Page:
Holly McClelland is a graphic designer, artist, filmmaker and StoryCenter co-facilitator who lives in Boulder, CO. She's an aspiring mycologist and an expert rock skipper.
When I took the 3-day workshop at Stonebridge Farm, outsideof Boulder, CO, in June of 2011, I thought, “Well, yes!” My good friend, Cyns Nelson, had given me her spot. Or told me about a spot that had opened up. I can’t remember which. But I was in.
I asked if my partner at the time, Annie, could come take the workshop, too. Yes was the answer.
Around the story circle, I had decided I’d tell the story about my grandpa, who was 89 at the time. And I’d write and tell about how he’d learned to fly airplanes at the age of 73. Ah, how easy that story would be. How safe. I’d always admired and loved him, and felt honored to tell a part of his story.
And Annie, in my ear, suggesting other ideas, thoughts. The lap around the circle then came to me, and somehow this other story just came out. About how I’d just met my dad, again, after 22 years. All those raw feelings, expectations, whatever. And so it came.
It came. With birds singing in the background of the farm, and pooh sticks thanks to Allison. Deep listening thanks to Daniel and Kayann. Kale and beet greens and garlic, and sun tea. And dancing on a hog barn floor.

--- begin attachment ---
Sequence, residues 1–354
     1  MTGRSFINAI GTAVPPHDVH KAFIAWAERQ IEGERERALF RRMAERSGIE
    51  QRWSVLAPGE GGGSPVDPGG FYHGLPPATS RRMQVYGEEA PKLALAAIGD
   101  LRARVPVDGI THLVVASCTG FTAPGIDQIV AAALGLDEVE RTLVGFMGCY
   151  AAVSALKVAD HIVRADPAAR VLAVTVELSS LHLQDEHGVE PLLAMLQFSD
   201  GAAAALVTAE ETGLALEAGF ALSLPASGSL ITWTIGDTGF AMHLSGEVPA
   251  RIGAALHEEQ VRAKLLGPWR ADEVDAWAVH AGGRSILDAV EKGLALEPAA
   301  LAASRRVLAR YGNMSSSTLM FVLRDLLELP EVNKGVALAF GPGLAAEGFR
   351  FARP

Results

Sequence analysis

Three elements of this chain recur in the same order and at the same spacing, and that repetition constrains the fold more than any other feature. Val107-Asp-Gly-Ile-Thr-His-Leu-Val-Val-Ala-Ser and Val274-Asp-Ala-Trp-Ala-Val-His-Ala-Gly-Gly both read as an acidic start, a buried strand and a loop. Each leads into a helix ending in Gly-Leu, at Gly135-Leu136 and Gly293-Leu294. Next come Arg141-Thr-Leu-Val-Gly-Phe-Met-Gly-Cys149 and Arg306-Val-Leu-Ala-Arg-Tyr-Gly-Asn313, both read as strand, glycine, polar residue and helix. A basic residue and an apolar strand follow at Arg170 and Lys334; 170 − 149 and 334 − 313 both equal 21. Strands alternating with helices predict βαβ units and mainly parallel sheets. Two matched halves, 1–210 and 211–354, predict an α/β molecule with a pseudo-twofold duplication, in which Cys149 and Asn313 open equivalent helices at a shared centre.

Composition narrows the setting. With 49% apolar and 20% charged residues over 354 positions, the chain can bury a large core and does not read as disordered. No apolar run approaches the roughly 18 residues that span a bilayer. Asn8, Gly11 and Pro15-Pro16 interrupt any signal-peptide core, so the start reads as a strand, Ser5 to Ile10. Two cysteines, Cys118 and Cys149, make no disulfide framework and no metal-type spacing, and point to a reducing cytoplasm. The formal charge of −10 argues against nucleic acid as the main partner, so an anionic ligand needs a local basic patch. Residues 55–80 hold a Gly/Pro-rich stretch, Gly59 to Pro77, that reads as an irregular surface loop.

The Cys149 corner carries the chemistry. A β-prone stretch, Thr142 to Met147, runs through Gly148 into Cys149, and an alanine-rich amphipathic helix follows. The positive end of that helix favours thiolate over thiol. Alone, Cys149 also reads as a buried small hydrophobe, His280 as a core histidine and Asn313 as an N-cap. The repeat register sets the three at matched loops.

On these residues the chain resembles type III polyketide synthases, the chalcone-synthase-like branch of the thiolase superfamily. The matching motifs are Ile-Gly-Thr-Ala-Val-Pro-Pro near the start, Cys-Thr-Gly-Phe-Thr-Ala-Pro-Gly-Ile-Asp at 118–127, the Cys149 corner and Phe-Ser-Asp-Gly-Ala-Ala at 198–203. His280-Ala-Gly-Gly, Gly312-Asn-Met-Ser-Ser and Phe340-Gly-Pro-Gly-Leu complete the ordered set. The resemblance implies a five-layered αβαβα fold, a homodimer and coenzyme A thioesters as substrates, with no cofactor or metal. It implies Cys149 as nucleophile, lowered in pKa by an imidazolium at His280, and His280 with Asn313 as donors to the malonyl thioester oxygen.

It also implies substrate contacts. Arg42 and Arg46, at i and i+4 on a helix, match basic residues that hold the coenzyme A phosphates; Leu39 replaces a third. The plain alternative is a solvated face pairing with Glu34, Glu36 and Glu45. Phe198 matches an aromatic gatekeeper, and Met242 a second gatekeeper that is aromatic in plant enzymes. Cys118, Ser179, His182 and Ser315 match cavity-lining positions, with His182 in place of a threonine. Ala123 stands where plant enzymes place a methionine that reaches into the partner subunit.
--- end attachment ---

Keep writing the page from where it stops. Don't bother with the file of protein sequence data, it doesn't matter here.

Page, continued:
And now. Two years later.
My 91-year-old grandpa. Always interested in what I’m doing. And I love that he asks. And so, I invited him to a workshop.
And turns out it was going to be right across the street from his house in Washington Park. I was to be one of the IFT co-facilitators, with Daniel and Marie.
My grandpa came. We taught, listened, suggested, moved through, touched elbows to knees, eyes to hearts. So many amazing stories. And amazing IFT peeps, Sam, Rachael, Candace, Eugenia, and Frances.
And so, yeah. Expectations? Don’t know. My grandpa had prepared for this workshop since May. He’d read the Digital Storytelling Cookbook, taken notes, prepared.
Sticky notes were involved.
3x5 notecards tucked in his shirt pocket.
Maybe the expectations were my own. I knew he’d get it, but it took a bit longer than I thought. A few days after the workshop, really. The wonderful, kind feedback he received from people, he didn’t expect.
So he told his story, about learning to fly small airplanes at the age of 73. How his story was not going to be emotional. He talked briefly about how he’s been widowed twice. How he flew the path of the Santa Fe Trail, and could see the wagon tracks from the small airplane he was in. And how he felt free. I flew with him, when I was 28, from Denver to Gunnison, to visit my sister. He let me take the “wheel” over the Continental Divide for a bit. It felt so strange, like I had nothing under my feet.
But yes, free.
Like I could pull up on the wheel anytime and just do a loop, like sky writing. I wondered what I’d write in the sky – maybe a gigantic heart, or the words, “Lordy, I love you”. But my cartoon mind came back to the reality of landing.
And my grandpa did know how to land. He’s always seemed to know that part.